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Finland, but no wolverines

Originally I went to Eastern Finland to photograph wolverines (Vielfraß in German, glouton in French, gulo gulo in Latin). They are a part of the weasel family, but look more like a mix between a bear and a ferret, or something like that – I’d show you a picture, but I have none. Well, actually that is not exactly true, I have one picutre from 2011 when I saw a wolverine in the Grand Teton backcountry, but while the experience was magical, as a photographer I am not happy with the result. Or rather not happy enough to share it in public. If you’re on my couch drinking tea with me I’ll show it to you.
Anyway, wolverines are elusive as heck, which is why most people have never seen one in the wild, even those who spend a lot of time outdoors, so I am happy to have seen not one but two (and within a space of two weeks) in 2011, even if I did not get the images I wanted. Wolverines do exist in Finland close to the Russian border, however, and there are some people, like the lovely Sabrina Logeais, who provide hides so that photographers and wildlife watchers have a chance of seeing the little devils; and usually people do see them. I didn’t. I was in the hide for six nights and had no luck.
Which sounds terrible, but is also entirely untrue. While I had no luck with wolverines, which is very unusual based on what Sabrina told me (in fact, there were wolverines at Sabrina’s hide the two nights I spent in a different hide), I was very lucky in other regards. I did see and photograph quite a few Finnish bears and a Finnish wolf who came to the hide a few nights in a row, which apparently is also highly unusual. Below you can find some of the results, more will be posted on my website shortly. I hope you enjoy the pictures.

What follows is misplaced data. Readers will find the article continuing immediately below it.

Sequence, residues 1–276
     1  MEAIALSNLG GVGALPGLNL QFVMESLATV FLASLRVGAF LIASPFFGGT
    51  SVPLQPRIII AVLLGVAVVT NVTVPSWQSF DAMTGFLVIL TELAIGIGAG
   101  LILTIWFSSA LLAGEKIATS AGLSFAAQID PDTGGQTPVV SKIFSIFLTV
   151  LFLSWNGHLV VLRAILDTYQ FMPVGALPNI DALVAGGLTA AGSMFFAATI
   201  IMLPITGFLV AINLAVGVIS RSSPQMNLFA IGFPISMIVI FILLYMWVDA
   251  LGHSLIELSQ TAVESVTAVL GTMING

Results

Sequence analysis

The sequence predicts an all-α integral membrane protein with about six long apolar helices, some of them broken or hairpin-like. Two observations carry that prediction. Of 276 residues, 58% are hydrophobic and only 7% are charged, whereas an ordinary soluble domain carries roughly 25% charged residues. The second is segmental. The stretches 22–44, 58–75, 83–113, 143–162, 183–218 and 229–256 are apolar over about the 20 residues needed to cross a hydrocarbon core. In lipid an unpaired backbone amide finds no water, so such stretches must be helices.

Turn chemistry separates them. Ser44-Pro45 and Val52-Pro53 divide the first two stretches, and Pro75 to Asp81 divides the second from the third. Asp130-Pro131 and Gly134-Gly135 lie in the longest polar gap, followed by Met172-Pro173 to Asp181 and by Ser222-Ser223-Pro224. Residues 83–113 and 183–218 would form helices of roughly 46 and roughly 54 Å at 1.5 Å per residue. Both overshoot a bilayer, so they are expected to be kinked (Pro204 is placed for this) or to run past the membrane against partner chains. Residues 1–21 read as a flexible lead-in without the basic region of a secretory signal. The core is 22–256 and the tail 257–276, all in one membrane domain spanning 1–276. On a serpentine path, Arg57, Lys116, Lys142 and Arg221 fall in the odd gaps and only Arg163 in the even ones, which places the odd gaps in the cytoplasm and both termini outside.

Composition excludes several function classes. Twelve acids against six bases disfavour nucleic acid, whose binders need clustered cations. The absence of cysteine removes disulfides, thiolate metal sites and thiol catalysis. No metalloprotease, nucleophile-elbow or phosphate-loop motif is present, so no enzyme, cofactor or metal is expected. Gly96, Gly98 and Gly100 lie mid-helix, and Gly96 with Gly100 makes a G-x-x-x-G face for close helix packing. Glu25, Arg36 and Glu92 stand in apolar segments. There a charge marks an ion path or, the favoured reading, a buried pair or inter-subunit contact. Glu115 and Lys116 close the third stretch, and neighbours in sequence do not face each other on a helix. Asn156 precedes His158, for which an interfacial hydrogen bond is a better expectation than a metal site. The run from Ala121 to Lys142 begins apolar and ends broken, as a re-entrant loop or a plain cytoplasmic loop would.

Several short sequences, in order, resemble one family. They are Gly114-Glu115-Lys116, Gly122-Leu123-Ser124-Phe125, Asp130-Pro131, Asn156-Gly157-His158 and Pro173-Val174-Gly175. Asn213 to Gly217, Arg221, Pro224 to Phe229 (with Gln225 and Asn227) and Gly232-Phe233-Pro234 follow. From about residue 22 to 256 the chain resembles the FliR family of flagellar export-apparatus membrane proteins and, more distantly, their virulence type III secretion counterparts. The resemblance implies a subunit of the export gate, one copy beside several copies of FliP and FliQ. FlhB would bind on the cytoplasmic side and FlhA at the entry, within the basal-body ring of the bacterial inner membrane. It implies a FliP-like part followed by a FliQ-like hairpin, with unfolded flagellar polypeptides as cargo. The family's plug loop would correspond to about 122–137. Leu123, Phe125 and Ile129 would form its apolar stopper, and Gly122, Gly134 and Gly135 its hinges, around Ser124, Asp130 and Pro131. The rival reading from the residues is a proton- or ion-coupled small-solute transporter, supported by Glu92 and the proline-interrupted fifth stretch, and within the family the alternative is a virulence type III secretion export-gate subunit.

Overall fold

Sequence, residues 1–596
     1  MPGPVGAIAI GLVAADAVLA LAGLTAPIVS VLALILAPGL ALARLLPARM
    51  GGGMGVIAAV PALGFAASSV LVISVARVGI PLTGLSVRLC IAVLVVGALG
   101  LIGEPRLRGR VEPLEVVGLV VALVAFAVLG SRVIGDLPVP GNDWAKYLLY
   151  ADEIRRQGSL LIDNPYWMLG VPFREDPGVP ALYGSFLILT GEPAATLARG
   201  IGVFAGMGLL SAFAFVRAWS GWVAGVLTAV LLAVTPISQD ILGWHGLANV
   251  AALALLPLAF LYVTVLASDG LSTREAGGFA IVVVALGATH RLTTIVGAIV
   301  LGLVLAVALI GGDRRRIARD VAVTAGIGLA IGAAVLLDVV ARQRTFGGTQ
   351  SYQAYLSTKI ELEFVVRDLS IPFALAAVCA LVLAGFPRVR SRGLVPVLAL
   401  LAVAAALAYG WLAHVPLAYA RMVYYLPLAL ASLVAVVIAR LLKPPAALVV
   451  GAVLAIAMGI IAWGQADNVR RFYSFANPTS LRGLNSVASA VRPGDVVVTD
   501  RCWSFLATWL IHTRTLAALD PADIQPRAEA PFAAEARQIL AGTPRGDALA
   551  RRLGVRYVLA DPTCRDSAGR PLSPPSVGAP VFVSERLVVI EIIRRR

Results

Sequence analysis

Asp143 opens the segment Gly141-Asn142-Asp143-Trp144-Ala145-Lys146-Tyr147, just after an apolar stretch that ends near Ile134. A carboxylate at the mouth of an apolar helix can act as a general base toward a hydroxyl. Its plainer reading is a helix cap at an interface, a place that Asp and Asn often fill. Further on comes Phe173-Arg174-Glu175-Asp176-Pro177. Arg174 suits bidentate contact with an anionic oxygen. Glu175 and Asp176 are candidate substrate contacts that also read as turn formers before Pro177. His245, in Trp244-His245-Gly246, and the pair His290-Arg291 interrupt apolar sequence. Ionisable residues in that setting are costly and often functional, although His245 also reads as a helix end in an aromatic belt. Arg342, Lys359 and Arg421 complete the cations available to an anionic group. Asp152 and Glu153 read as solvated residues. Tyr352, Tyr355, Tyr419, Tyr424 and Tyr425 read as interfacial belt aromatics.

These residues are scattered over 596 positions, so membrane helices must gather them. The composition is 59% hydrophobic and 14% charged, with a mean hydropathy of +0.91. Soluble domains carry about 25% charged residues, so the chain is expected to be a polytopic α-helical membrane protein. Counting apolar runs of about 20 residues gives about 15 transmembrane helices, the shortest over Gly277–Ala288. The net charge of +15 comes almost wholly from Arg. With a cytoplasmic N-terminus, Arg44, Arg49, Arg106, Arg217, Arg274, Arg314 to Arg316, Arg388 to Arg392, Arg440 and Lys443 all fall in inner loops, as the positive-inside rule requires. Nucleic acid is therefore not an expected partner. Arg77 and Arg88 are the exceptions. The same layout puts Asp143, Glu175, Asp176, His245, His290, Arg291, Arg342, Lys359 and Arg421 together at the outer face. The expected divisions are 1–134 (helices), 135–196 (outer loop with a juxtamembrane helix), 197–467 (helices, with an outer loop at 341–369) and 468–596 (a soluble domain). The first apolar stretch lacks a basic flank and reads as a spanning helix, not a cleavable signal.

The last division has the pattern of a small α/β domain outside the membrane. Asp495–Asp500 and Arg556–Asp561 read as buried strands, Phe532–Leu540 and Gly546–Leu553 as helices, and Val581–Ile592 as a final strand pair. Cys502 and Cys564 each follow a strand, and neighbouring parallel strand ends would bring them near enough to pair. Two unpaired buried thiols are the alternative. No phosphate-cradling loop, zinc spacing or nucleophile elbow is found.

Exhibition Opening “The Bear Essentials”, April 03 2016, Café Vogelfrei, Mannheim, 2 – 4 p.m.

After my Freiburg exhibition closed last week, I already have a new exhibition coming up. Under the titel “The Bear Essentials” I will be showing a selection of images from the “Bear with Me” exhibition at a vegan cafe in Mannheim, Cafe Vogelfrei, from 03 April till the end of June 2016.

The exhibition opening will be on Sunday April 03 from 2 p.m. (14 Uhr) at Cafe Vogelfrei in the Quadrate (C3 20), Mannheim. I will be at the opening to answer questions about the images, sell them 🙂 and there will be a bit of sparkling wine. I hope to see many of you at the opening.

"Botched Mating Ritual," one of the images in the exhibition.

“Botched Mating Ritual,” one of the images in the exhibition; available as a limited print in an edition of 100.

Finissage Bear with Me, March 18 2016, 12:30

This post is in German because the event will be in German as well.